SUNRISE, Fla. – If the Buffalo Sabres win the Stanley Cup someday, remember Friday as the perhaps one of the most pivotal days in the franchise’s 45-year history.
In addition to drafting center Jack Eichel second overall, the rebuilding team swung two significant trades, including a blockbuster deal with the Colorado Avalanche that brought center Ryan O’Reilly to Buffalo.
After two wretched seasons in which they finished 30th and became the NHL’s laughingstock, the Sabres sent a strong message to the rest of the league Friday at the NHL Draft at the BB&T Center: We’re back.
Moments after the Sabres drafted Eichel, Sabres general manager Tim Murray sent center Mikhail Grigorenko, defenseman Nikita Zadorov, winger J. T. Compher and the 31st pick today to Colorado for O’Reilly and winger Jamie McGinn.
Earlier in the day, he sent the 21st pick to Ottawa for goalie Robin Lehner and center David Legwand.
“You know if you go down a road like this it’s not going to be a freebie and you’re going to pay a price, and we certainly paid a price today,” Murray said.
Some players were so excited they texted Murray on the draft floor.
“We did hit some targets today, and that’s exciting when you can do that,” Murray said.
Still, Murray downplayed the deals and wouldn’t talk about the Sabres being playoff contenders again.
“My cliché (is) we’re trying to improve a little bit every day,” he said. “I think today we believe we improved.”
O’Reilly, of course, is the centerpiece of the Avs deal. The 24-year-old, who has one year left on his contract and wants a massive new deal, has 90 goals and 246 points in 427 NHL games. O’Reilly’s also a favorite of the advanced stats crowd.
“I like a lot about him,” Murray said. “I think he’s got tremendous hockey sense. I think his hockey sense is off the charts. He makes everyone around him better. I love his work ethic on and off the ice. I love his skill level. There’s not a lot I don’t like about him.”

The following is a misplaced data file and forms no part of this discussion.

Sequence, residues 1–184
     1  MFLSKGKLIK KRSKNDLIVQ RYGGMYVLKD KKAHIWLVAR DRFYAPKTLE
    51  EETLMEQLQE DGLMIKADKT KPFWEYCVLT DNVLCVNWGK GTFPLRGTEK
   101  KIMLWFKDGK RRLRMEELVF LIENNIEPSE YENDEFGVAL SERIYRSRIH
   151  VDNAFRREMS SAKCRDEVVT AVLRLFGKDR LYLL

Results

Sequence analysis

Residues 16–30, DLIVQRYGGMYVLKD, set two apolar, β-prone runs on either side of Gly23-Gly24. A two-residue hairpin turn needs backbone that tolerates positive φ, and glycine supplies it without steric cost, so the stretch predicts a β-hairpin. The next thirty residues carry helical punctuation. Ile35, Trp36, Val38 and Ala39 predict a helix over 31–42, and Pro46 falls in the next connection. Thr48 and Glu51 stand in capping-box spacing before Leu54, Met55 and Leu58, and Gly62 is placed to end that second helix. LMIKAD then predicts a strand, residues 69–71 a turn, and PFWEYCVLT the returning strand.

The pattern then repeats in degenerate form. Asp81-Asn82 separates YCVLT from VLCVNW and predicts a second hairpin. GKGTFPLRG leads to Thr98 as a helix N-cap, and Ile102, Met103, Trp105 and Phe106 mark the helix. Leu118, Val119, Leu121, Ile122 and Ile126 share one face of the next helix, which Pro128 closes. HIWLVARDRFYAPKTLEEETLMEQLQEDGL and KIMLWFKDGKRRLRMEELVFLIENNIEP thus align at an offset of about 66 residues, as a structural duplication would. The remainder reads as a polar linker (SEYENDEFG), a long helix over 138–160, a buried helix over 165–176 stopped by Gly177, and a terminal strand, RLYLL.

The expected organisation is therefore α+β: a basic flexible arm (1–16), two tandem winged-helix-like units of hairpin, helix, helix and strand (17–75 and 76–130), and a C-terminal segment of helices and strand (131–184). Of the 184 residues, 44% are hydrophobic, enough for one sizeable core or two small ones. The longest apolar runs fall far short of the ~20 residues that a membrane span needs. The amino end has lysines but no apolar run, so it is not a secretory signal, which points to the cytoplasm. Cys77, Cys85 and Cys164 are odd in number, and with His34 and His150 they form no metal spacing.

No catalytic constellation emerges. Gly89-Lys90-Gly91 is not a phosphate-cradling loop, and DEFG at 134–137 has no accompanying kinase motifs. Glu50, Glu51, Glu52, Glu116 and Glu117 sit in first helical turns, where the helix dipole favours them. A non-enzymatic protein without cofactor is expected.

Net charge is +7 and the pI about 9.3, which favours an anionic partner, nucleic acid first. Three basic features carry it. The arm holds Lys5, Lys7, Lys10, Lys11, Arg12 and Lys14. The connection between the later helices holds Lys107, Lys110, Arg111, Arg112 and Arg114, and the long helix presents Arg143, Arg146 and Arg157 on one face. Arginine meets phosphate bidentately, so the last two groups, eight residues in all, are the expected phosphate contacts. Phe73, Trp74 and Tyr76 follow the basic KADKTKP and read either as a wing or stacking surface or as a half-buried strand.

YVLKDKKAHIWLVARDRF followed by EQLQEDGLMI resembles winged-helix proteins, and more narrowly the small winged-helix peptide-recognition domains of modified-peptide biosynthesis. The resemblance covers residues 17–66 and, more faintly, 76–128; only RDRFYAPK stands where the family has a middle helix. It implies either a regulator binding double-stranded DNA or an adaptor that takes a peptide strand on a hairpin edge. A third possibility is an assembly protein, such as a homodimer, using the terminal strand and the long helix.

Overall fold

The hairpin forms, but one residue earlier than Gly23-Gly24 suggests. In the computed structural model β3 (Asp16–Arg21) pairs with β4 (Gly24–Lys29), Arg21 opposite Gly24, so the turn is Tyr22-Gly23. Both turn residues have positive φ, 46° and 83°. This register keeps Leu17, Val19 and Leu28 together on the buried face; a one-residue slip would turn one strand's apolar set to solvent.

Sabres winger Tyler Ennis recently raved about playing with O’Reilly at the world championship. Murray has heard similar things from other GMs.
Murray had been talking with the Avs, who wouldn’t meet O’Reilly’s salary demands, before Friday. He’s prepared to make O’Reilly the highest-paid player on the team.
“I assume I’m going to have to,” he said. “You know going in when you make a trade like this negotiations are going to be starting at a high number. We’re fully prepared for that.”
Murray has already had a casual conversation with O’Reilly’s agent.
O’Reilly’s presence down the middle adds depth and takes pressure off Eichel and center Sam Reinhart, the No. 2 pick last year.
“I think he changes a lot of things for our organization,” Murray said.
Meanwhile, the 26-year-old McGinn has 69 goals and 128 points in 366 NHL contests.
Grigorenko, the No. 12 pick in 2012, appeared to be on the outs with the Sabres for months. The 21-year-old Russian mustered only six goals and 14 points in 68 games after the Sabres rushed him to the NHL three seasons ago.
When the restricted free agent recently balked at Buffalo’s two-way contract offer, it appeared the Sabres would dish him. Grigorenko’s back with his junior coach Patrick Roy, who’s now in Colorado.
Murray said Grigorenko needed a chance of scenery.
“We weren’t willing to do a one-way contract,” he said. “We weren’t willing to say he was done developing as a hockey player. So now he goes to place that wanted him. He’s certainly familiar with the head coach.
Zadorov, the No. 16 pick in 2013, frequently drew Murray’s ire for his immaturity. The Russian was bench early last season as he worked to develop better habits, got stuck in the Dominican Republic following the NHL All-Star break and was late to a team meeting.
Following the season, Murray challenged the 20-year-old to grow up.
Compher, the 35th pick in 2013, will be a junior at the University of Michigan next season.